02/05/2014 : Minister Deenihan invites all people of Irish heritage worldwide to participate in a minute of silent reflection to remember the victims of the Great Irish Famine
Today, 2 May, 2014, Jimmy Deenihan, T.D., Minister for Arts, Heritage and the Gaeltacht and Chair of the National Famine Commemoration Committee, invited all people of Irish heritage around the globe to join with the people of Ireland and observe a minute of silent reflection on Sunday, 11th May, as a gesture of respect for our ancestors who perished, suffered and emigrated during the Great Irish Famine.
Unquestionably, the failure of the potato crop during the 1840s was a transforming event in Ireland, which changed the demographic and cultural landscape forever. It was inevitable that any major potato failure would trigger a human and economic crisis of catastrophic proportions and, indeed, there is nothing else in the history of the Irish people that can be likened to the Great Famine, either for its immediate impact, or its legacy of emigration, cultural loss and decline of the Irish language.
Minister Deenihan said:
“As Chair of the National Famine Commemoration Committee, I warmly welcome the tireless efforts of the many communities and organisations abroad to commemorate the victims of the Great Famine and to enlighten new generations about the terrible plight of the Irish people who suffered and perished or emigrated during this tragic period in our nation’s history.
I now call on you to join with the people of Ireland in observing a minute of silent reflection on Sunday, 11th May, in honour of all those who suffered loss of life, loss of home and loss of family during this time. We also honour the extraordinary achievements of the Diaspora – all those whose instinct for survival and will to live brought them to new and distant places where their determination to survive in the most difficult of circumstances inspired them to leave their mark in the new societies in which they settled.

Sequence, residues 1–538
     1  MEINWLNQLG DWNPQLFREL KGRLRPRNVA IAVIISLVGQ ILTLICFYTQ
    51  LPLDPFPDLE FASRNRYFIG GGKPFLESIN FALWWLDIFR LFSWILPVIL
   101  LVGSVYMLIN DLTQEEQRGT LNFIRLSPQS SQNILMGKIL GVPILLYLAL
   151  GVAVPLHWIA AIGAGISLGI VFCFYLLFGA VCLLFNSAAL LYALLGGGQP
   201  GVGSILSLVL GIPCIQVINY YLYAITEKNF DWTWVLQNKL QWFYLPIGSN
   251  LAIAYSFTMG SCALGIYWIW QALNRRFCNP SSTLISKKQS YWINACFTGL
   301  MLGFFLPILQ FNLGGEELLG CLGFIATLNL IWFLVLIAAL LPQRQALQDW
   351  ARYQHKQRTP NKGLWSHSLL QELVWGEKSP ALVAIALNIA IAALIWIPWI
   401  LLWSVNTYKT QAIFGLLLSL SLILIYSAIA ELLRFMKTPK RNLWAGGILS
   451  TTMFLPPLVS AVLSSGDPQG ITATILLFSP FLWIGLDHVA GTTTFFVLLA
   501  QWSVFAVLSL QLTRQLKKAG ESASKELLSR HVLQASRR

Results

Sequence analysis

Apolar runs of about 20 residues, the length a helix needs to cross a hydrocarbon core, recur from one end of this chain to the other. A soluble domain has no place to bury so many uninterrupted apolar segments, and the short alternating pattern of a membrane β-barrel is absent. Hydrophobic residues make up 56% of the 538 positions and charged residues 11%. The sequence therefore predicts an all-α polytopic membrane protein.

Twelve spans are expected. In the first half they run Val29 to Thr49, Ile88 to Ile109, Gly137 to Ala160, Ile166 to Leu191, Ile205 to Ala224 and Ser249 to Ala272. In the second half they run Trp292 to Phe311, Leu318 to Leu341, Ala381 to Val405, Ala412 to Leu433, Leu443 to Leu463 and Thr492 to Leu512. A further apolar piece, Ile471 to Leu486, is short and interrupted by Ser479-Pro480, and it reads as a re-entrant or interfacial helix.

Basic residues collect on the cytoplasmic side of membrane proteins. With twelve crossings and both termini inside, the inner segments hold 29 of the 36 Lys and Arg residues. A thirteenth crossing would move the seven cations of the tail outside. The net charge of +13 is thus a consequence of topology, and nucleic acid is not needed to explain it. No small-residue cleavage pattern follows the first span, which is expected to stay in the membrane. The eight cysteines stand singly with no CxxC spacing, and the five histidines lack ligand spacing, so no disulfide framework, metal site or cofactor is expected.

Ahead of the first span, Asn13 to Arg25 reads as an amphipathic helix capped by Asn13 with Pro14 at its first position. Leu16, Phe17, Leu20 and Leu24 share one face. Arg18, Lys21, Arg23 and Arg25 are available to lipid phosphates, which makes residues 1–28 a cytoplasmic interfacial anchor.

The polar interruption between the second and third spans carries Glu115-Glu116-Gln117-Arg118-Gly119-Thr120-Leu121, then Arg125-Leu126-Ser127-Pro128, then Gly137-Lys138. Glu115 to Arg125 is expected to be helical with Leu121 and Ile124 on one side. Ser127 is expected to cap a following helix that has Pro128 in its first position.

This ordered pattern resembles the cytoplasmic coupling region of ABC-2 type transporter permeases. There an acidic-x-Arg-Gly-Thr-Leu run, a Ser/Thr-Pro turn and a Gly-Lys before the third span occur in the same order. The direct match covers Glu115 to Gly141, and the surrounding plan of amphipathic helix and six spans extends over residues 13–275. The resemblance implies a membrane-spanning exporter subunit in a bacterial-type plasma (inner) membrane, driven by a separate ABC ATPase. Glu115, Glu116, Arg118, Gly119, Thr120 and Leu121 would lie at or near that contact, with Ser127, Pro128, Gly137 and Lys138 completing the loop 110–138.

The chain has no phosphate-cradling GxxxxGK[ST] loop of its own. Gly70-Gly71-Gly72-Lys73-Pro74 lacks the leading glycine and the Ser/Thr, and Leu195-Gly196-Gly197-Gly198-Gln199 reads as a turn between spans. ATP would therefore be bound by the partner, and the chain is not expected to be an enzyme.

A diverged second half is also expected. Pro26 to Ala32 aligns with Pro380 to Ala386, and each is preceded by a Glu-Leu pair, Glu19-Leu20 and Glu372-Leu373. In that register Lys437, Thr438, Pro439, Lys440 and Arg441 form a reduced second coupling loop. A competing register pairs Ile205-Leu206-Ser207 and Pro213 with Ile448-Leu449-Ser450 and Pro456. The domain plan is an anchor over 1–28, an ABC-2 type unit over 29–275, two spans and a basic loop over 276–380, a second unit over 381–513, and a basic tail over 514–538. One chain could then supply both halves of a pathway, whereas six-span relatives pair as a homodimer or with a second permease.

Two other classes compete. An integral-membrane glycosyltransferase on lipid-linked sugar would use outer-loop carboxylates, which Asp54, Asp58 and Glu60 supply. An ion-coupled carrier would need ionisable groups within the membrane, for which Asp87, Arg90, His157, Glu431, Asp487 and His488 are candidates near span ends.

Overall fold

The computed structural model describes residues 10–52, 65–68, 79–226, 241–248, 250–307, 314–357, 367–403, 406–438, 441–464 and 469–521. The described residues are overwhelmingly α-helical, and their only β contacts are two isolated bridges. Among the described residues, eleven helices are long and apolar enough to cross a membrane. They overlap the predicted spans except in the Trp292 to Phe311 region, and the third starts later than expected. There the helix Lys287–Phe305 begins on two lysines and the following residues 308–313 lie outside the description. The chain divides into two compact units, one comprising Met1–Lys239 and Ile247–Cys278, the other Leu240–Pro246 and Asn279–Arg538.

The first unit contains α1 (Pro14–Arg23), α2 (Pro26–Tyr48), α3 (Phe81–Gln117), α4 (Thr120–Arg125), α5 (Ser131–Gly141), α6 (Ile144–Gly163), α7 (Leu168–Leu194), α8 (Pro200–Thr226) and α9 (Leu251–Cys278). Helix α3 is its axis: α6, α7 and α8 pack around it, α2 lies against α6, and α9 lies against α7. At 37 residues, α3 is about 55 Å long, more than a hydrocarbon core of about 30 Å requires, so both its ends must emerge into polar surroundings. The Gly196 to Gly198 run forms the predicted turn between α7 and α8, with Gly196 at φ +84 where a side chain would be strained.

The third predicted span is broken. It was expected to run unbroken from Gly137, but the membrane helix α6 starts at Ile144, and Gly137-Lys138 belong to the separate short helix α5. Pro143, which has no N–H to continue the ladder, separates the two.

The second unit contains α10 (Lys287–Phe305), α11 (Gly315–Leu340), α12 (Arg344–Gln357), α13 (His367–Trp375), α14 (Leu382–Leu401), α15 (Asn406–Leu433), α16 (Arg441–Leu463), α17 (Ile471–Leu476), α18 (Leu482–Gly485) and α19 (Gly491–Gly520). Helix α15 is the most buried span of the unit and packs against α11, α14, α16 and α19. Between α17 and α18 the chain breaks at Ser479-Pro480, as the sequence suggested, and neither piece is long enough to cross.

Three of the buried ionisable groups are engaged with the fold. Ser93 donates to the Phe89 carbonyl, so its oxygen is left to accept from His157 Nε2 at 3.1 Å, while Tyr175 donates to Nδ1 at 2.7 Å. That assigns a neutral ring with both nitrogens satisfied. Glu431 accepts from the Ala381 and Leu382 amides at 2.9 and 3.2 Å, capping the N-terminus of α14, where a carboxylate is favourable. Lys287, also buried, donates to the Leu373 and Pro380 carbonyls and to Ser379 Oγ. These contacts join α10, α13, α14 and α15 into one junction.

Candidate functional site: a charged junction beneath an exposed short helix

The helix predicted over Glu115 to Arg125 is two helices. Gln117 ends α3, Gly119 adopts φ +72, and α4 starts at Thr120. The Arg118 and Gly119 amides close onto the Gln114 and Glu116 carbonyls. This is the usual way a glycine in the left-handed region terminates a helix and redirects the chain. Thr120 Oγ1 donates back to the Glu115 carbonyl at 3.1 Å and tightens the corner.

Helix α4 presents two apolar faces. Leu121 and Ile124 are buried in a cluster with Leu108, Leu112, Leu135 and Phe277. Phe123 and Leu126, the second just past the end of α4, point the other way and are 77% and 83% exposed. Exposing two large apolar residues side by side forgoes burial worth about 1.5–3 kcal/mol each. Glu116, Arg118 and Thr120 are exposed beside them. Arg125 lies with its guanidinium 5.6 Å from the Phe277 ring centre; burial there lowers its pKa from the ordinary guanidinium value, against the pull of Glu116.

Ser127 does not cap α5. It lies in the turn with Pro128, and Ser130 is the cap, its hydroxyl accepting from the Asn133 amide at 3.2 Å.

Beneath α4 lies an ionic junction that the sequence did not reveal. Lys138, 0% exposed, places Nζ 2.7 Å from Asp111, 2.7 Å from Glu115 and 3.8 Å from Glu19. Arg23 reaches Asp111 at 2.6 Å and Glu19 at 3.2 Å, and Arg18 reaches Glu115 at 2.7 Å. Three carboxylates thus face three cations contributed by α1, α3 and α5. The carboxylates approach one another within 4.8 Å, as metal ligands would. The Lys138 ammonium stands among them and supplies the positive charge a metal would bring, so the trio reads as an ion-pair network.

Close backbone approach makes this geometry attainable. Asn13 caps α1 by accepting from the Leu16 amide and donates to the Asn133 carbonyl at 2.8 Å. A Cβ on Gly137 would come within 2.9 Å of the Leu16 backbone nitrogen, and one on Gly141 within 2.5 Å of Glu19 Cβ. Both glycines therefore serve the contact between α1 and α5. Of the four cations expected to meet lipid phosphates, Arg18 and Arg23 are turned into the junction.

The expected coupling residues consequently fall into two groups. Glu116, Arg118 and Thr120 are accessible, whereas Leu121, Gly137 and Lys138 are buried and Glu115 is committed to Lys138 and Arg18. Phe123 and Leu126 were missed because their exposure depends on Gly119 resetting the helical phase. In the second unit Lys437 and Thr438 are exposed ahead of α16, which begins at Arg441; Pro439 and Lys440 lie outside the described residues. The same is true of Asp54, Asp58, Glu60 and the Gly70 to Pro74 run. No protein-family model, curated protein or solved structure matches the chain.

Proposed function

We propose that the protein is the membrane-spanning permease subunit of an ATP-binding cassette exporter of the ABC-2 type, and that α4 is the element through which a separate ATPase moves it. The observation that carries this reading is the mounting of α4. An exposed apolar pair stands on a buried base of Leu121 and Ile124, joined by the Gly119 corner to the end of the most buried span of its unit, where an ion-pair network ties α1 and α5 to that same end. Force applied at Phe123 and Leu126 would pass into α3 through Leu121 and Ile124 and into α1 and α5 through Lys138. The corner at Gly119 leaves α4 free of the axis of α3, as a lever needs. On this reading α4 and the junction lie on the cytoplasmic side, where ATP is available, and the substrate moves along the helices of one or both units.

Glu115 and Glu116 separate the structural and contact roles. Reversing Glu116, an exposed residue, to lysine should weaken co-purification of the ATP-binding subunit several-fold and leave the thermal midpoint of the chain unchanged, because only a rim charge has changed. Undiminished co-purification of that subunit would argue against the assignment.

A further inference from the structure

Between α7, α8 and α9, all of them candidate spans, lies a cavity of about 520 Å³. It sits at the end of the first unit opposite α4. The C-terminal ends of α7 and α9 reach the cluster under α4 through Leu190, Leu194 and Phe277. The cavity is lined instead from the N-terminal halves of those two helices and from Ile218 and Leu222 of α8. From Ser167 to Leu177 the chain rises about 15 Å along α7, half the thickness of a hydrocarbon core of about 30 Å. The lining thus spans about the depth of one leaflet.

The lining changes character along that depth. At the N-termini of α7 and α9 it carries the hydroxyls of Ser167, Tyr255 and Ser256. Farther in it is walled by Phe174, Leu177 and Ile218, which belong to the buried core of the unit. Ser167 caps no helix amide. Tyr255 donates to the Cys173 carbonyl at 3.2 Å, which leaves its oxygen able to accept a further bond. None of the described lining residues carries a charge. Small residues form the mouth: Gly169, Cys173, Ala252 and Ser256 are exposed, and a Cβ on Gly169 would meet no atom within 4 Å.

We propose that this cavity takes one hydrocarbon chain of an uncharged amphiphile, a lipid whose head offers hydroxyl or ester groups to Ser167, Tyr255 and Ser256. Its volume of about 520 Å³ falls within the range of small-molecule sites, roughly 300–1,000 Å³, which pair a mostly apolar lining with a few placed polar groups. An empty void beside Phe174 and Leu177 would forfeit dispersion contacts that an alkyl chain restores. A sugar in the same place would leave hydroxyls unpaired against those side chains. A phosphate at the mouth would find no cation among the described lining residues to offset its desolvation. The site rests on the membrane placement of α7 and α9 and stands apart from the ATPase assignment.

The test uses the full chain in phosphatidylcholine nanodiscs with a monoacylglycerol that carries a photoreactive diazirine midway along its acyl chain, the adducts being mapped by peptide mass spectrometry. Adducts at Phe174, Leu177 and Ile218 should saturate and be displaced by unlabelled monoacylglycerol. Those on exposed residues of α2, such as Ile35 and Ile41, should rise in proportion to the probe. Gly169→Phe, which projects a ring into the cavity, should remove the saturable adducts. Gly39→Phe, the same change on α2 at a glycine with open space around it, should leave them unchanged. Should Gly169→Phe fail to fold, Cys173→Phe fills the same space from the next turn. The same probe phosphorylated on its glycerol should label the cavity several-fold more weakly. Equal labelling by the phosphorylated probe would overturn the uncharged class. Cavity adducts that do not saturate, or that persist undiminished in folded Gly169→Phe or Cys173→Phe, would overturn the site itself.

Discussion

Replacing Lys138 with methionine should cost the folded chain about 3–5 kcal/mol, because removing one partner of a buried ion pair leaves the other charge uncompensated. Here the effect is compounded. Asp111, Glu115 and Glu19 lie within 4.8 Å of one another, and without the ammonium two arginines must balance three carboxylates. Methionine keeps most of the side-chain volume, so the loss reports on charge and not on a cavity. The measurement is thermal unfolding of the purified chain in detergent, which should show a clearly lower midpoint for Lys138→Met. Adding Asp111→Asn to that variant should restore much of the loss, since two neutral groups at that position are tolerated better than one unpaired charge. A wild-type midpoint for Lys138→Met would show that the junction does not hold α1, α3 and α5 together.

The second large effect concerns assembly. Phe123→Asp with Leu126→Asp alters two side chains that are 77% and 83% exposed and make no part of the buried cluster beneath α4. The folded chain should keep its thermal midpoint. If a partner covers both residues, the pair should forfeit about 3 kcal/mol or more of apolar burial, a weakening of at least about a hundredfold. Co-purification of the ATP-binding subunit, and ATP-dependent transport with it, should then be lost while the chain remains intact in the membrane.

We must always strive to ensure that the devastating events of the famine are never forgotten and that the extraordinary contributions of those who emigrated and of their many descendants abroad are justly celebrated. We have come such a long way since that desolate time, but it is important that we do not forget our past and the experiences that have shaped us as a people. Today, we extend the same genuine compassion and generosity to those who are suffering from hunger, disease and poverty in the modern world. This spirit of empathy has transcended the generations to become embedded in the Irish psyche – it defines us as a people. This is the only way that we can truly honour the victims of the past.”
The 2014 National Famine Commemoration is taking place on Sunday, 11th May in Strokestown Park House, County Roscommon, with an overseas commemoration also planned for New Orleans between 7th and 9th November of this year. Minister Deenihan has already invited over 4,000 schools nationwide to observe a minute of silent reflection at noon on Friday, 9th May as a gesture of respect for those who died or suffered loss during the famine. He has also invited cultural and sporting organisations in Ireland to observe a minute’s silence at public events taking place on Sunday, 11th May in honour of the famine victims. This minute of silent reflection in schools and at public and sporting events, large and small, will inspire people of all ages to reflect on this tragic period in our nation’s history.